Nokia wins ban on HTC One component

Updated 24 April 2013
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Nokia wins ban on HTC One component

HELSINKI: Nokia Oyj said it won a court injunction that would prevent rival HTC Corp. from using microphone components made by STMicroelectronics NV in HTC One phones.
The Finnish phone maker said in a statement announcing the decision by the Amsterdam District Court that the microphone components were invented by Nokia and manufactured exclusively for Nokia phones.
“HTC has no license or authorization from Nokia to use these microphones or the Nokia technologies from which they have been developed,” Nokia said.
It said the injunction was effective until March 2014 and would prevent ST Micro from selling the components to Taiwan’s HTC globally.
Such a decision could create further headaches for HTC, which has already struggled with component shortages for its flagship HTC One smartphone.
HTC said it was disappointed with the decision.
“We are considering whether it will have any impact on our business and we will explore alternative solutions immediately,” HTC said in an e-mailed statement.
Nokia, which makes the Lumia line of smartphones based on Microsoft Corp. software, and HTC, which uses Google Inc. software, have both been scrambling to regain ground lost to bigger rivals Samsung Electronics Co. Ltd. and Apple Inc. in the global smartphone market.
Nokia said the technology in question is “high amplitude audio capture” and enables high-quality recording of music from mobile phones. Nokia said it took apart the HTC One to confirm the microphone, which HTC called “dual membrane HDR,” was the same as its own.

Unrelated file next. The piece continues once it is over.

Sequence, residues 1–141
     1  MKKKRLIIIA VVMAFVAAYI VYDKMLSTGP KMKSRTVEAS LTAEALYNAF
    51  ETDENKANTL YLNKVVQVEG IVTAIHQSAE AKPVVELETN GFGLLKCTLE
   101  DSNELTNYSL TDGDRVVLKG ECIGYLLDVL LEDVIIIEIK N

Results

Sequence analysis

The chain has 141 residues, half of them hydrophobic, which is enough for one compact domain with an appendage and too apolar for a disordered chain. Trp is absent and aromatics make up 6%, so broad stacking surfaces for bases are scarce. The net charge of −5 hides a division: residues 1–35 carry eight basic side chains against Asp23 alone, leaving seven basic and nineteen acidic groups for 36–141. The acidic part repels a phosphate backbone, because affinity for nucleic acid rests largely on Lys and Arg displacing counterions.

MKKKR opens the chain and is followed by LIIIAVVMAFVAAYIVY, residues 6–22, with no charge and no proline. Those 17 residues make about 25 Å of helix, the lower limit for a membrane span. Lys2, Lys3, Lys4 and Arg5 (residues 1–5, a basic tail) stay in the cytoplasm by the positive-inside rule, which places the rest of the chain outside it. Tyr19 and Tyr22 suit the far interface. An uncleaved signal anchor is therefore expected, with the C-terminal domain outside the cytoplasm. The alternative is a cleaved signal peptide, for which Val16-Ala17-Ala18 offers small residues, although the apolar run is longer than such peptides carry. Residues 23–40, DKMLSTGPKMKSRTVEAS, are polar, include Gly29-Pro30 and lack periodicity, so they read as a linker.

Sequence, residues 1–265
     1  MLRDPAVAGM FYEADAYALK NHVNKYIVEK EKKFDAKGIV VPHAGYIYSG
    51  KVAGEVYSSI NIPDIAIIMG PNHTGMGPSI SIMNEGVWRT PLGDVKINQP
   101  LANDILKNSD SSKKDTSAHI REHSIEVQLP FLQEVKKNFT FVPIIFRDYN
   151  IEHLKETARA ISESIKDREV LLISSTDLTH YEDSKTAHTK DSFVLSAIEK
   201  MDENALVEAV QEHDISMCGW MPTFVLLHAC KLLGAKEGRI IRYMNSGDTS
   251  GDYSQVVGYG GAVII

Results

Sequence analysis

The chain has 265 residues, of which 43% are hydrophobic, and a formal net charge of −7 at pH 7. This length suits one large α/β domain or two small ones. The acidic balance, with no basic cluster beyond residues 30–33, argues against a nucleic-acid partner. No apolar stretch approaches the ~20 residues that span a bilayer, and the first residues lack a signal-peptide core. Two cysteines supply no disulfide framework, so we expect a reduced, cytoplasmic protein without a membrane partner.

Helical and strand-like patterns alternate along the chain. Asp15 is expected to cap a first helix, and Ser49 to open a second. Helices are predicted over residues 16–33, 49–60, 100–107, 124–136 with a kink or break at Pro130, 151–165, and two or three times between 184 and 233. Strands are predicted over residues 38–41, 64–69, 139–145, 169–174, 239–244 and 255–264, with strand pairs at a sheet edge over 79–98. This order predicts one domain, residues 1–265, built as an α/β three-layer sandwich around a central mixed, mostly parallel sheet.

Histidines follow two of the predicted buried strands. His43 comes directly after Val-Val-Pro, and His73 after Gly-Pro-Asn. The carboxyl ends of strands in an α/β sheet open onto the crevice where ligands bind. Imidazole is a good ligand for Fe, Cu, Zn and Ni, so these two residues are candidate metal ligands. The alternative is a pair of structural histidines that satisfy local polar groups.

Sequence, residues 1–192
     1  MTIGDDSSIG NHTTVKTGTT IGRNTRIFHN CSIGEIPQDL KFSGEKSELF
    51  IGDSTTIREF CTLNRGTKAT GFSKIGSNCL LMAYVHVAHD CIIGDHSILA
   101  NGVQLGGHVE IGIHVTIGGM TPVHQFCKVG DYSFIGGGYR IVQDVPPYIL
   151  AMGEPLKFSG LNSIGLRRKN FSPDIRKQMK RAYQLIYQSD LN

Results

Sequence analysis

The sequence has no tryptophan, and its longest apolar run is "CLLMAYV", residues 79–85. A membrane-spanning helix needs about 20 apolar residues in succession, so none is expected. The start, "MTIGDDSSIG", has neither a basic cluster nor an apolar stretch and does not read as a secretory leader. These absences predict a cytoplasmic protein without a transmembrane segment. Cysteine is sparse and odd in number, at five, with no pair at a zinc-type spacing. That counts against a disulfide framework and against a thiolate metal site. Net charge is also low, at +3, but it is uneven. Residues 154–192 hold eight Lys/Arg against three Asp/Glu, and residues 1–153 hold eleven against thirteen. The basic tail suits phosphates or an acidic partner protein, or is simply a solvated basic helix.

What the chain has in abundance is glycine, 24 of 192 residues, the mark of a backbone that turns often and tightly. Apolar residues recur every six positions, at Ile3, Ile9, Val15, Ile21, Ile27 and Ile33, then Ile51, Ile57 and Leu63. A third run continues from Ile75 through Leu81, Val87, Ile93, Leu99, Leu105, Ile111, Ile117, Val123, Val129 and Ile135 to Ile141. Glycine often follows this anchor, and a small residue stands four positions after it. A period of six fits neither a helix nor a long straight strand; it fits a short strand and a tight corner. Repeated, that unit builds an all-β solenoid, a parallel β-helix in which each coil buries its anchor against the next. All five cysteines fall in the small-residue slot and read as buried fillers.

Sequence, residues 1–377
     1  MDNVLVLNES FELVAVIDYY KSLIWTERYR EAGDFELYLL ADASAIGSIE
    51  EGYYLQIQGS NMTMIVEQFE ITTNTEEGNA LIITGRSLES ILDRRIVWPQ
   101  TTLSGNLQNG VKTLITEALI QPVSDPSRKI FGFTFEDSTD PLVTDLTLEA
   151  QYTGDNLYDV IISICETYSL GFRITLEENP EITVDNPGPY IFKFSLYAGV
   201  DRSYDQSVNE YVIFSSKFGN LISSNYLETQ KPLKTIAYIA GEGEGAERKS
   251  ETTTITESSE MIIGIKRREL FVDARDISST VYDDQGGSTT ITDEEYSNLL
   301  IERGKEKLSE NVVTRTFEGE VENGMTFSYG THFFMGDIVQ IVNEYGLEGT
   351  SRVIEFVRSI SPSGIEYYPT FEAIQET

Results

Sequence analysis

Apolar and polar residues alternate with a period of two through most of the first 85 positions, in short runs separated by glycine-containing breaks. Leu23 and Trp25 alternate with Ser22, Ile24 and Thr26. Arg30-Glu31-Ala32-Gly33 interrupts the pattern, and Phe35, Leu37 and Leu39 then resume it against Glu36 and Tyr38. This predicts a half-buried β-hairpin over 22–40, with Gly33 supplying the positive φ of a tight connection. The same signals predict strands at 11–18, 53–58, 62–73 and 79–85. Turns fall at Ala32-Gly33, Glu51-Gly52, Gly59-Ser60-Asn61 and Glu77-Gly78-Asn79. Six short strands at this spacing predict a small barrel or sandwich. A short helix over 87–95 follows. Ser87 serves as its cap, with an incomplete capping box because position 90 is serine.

In addition to the latest case, Nokia has filed about 40 patent infringement cases against HTC.
Nokia’s US shares were up 10 cents or almost 3 percent at $ 3.17 on the New York Stock Exchange in late afternoon trading.


Dubai Aerospace signs $480 million loan deal

Updated 21 May 2018
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Dubai Aerospace signs $480 million loan deal

DUBAI: Dubai Aerospace Enterprise (DAE), one of the world’s largest aircraft lessors, said on Monday it had signed a four-year loan deal for $480 million.
DAE, a government-controlled company set up in 2006, has become one of the world’s largest aircraft lessors after acquiring Dublin-based AWAS last year.
The acquisition tripled the Dubai aircraft leasing and maintenance company’s portfolio to about 400 aircraft worth more than $14 billion.
The $480 million loan, which includes both conventional and Islamic finance tranches, has a so-called “accordion facility” allowing it to be increased to up to $800 million.
With the loan, the company’s unsecured revolving credit facilities increase to between $1.125 billion and $1.445 billion, depending on final size of the latest deal, Firoz Tararpore, DAE’s chief executive, said in a statement.
“On a pro forma basis as of December 2017, if this facility is fully drawn and if the proceeds are used to pay down secured indebtedness, DAE’s percentage of unsecured debt would increase from 26 percent to a range of 31-34 percent.”
Last year, the company issued $2.3 billion in senior bonds split across three tranches last year, partly to finance the AWAS acquisition.
Tarapore said in an interview last week that DAE was in talks to buy a near-record total of 400 jetliners from Airbus and Boeing in an order that could be worth more than $40 billion at list prices.
Al Ahli Bank of Kuwait coordinated the latest loan deal and was also the lead arranger and joint bookrunner together with First Abu Dhabi Bank, while Noor Bank joined the deal as lead arranger.